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Coastal Bend crops critical as drought intensifies

Logan Hawkes drought-corn
Drought-stressed corn.
Lack of rain, soil moisture stresses South Texas cotton and grain

While no one is throwing in the towel just yet, crop conditions across the South Texas coast are quickly declining because of drought conditions that continue to escalate as summer temperatures begin to simmer.

"This is the driest season we have seen since 2015," reports cotton and grain farmer Wayne Miller of Bluntzer, a farming community just north of Robstown. "It's really good if we can get 8-10 inches of rain between Feb. through August, but this year we are trying to hang on with just over two inches of rain [total]."

He said his crops are desperately in need of 4-5 inches of rain in the days ahead if he hopes to make a crop this year.

Most of Nueces County is under moderate drought conditions. Northeastern areas of the county are at D-2, or severe drought level according to the latest Drought Monitor. Parts of Bee County are in severe drought status, and virtually all of San Patricio, Refugio, Goliad, Victoria, Calhoun, and Jackson counties are experiencing severe drought.

The National Drought Mitigation Center

According to the June 5, 2108, Texas Drought Monitor, drought conditions exist over the Corpus Christi Hydrologic Service Area (HSA):

Severe Drought (D2):

  • Over northern portions of Victoria and Goliad Counties (including the city of Goliad).
  • Portions of extreme Southeast Bee County, much of Southern and Western Refugio County, a portion of Northern San Patricio County, and a small portion of Western Aransas County.
  • Portions of Northern Webb County and a portion of Southwestern La Salle County.

Moderate Drought (D1): (outside of D2 areas)

  • The remainder of Victoria, Goliad, Bee, San Patricio, Aransas, and Refugio Counties.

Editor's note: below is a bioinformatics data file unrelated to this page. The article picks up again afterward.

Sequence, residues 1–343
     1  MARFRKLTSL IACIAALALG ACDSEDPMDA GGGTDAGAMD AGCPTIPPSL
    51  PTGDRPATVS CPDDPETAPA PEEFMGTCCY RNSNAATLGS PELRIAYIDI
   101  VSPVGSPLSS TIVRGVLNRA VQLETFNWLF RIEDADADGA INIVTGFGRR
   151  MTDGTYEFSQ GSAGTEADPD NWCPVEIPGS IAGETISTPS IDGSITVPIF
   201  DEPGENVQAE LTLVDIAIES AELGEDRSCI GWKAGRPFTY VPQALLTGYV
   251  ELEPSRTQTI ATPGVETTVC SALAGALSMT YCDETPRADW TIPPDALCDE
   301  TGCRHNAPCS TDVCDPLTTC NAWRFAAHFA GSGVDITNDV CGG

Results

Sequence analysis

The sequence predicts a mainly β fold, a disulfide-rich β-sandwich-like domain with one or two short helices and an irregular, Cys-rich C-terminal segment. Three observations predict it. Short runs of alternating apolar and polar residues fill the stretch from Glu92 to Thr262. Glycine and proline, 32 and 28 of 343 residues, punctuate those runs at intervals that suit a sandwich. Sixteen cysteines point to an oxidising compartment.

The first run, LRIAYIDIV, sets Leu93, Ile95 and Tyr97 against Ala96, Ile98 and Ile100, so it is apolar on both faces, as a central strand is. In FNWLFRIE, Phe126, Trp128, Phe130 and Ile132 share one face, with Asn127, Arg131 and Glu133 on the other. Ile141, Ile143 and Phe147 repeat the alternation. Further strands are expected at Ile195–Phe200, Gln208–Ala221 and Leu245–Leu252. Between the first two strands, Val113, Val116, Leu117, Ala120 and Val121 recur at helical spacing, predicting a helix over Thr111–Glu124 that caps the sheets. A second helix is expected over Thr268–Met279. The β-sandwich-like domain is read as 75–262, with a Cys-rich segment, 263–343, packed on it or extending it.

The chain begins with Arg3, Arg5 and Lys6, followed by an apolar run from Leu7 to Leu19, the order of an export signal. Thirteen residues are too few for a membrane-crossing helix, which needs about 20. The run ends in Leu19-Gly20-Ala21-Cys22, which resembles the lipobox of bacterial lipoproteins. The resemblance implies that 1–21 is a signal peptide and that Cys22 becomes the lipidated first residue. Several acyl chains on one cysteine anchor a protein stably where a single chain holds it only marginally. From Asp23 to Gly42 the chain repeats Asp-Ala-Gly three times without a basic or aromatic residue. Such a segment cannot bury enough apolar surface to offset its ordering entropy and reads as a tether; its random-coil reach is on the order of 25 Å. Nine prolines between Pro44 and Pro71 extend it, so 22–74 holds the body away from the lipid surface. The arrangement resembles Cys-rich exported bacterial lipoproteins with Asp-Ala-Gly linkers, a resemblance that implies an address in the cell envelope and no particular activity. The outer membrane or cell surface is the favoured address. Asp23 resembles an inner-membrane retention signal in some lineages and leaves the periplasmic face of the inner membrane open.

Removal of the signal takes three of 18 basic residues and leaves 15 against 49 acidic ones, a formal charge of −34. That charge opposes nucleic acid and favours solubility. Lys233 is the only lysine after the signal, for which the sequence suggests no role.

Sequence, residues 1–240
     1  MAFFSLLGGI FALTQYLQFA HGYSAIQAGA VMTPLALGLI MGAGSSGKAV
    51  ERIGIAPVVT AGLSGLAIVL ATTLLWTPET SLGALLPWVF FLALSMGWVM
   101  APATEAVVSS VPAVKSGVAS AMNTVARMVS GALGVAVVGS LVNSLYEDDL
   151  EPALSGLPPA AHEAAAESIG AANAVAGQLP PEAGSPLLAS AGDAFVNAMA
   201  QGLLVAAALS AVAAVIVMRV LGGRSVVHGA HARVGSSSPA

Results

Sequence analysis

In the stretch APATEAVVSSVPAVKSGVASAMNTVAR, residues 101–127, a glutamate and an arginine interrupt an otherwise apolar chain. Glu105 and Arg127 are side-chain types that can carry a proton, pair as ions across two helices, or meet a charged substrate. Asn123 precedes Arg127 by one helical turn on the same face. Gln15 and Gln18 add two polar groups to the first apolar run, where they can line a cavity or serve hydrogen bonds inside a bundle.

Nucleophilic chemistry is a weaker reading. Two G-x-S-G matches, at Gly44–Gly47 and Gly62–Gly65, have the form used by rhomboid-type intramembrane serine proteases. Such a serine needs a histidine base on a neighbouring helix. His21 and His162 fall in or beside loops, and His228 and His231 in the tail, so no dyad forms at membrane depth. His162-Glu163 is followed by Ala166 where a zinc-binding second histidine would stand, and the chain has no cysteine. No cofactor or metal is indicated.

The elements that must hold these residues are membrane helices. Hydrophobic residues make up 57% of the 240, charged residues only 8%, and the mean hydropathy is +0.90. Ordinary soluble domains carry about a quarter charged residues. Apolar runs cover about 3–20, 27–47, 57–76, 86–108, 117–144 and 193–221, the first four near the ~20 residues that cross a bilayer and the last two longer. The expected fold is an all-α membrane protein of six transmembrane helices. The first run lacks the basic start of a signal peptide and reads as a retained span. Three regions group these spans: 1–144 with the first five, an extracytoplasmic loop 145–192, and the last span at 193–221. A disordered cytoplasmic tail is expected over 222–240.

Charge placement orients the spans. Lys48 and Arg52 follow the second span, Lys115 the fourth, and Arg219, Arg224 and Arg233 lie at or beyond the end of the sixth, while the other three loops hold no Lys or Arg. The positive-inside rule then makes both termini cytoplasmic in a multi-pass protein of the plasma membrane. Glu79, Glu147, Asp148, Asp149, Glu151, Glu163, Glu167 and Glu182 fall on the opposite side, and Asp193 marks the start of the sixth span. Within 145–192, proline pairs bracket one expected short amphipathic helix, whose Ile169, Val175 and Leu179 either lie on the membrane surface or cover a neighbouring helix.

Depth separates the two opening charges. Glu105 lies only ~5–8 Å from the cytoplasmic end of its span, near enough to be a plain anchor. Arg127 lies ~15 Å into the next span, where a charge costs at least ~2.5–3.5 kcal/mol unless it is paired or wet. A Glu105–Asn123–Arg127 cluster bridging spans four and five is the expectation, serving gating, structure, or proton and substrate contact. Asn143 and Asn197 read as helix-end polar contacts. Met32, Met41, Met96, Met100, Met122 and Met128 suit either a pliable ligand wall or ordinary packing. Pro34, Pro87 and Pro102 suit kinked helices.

• All of Calhoun and most of Nueces Counties.
  • Eastern portions of Live Oak County, Northeastern Jim Wells   County, and all but western portions of Kleberg County.
  • Most of Northwestern Webb County, much of Central and  Southwestern La Salle County, and a small portion of Western McMullen County.

Abnormally Dry (D0): (outside D1 and D2 areas)

  • The remainder of Live Oak, Kleberg, La Salle, and McMullen Counties.
  • All but portions of Northeastern Webb County, all but extreme Southwestern Jim Wells County.
  • Northern and southwestern portions of Duval County.

"There are some of these [Coastal Bend] counties that received small amounts of rain, but overall most of the Coastal Bend is dry and conditions continue to deteriorate," said Nuecess County Agricultural Agent Jason Ott.

He says crop conditions depend on many variables like tillage methods, seed varieties and scattered rains that may have fallen on one field and failed to fall on others.

"Crops across the county are stressed from lack of soil moisture and rainfall and we are at a critical time when water becomes a serious issue," Ott said. "But while we are seeing some stress in the fields, some crops are doing surprisingly well considering current conditions. We'll make some cotton and grain this year, but it won't be like we have had over the last three years when crop yields and quality were both high."